National Geographic : 1989 Dec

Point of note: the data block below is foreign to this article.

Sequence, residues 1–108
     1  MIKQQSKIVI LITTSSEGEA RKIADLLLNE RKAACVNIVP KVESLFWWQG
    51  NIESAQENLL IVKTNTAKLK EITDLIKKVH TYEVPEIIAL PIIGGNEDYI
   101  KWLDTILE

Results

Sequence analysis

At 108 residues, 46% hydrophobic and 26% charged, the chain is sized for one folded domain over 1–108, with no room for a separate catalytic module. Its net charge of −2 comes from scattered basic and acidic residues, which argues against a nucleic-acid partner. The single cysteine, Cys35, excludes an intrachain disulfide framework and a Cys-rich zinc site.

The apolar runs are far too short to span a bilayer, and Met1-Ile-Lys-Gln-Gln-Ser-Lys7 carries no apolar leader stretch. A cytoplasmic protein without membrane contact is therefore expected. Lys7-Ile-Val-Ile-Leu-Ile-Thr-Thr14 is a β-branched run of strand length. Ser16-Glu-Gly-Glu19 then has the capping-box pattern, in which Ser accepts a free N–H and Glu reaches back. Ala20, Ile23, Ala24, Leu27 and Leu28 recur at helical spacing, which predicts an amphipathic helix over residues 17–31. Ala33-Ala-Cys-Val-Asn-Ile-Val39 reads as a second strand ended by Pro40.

On Assignment W HEN making close-ups j of chief restorer Gian luigi Colalucci (and his logan-on-a -button), VICTOR R. BOSWELL, JR., was back in a Sistine Chapel far cleaner and brighter than the one he photographed 20 years earlier. Then it took 20,000 watts of illumination to pene trate the gloom for one large mosaic of the entire ceiling. In 1989 Vic needed only one tenth the light to make the view of the restored ceiling on pages 690-92. Long experienced in making paintings, sculptures, and other treasures come alive, he relied on his practiced eye to make adjustments for distortion, to compensate for image overlap, and Sto vary exposure times for differ ent areas of the same frame. To convey the sense of being a visitor looking up some 60 feet from the floor, Vic included curves of the ceiling as it merges with the walls. There Michelan gelo played his own visual games, since in the fresco some of the architecture is "real," though most is painted on. O. LOUISMAZZATENTA(ABOVE); VICTORR. BOSWELL,JR., (BUTTON);ADAMWOOLFITT Directing the lengthy restora tion, Vatican art historian Fabri zio Mancinelli, here outside the chapel (right), has become a practicing diplomat to visiting colleagues and to the press. He and restorer Colalucci, being interviewed by author DAVID JEFFERY (far right), have with saintly patience answered a hundred questions a thousand times about Michelangelo's monumental work. Dave found his Sistine assign ment oddly like his first sight of Antarctica or of the Yellowstone fires (February 1989), an experi ence on "a scale and intensity to rattle your bones." NATIONALGEOGRAPHIC(ISSN 0027-9358) IS PUBLISHEDMONTHLYBYTHE NATIONALGEOGRAPHICSOCIETY,17THANDM STS. N.W.,WASHINGTON,D. C. 20036. $21.00 A YEAR,$2.65A COPY. SECOND-CLASSPOSTAGE PAID AT WASHINGTON,D.C.,AND ELSEWHERE.POSTMASTER:SEND ADDRESS CHANGES TO NATIONALGEOGRAPHIC,P.O. BOX 2174,WASHINGTON,D.C. 20013.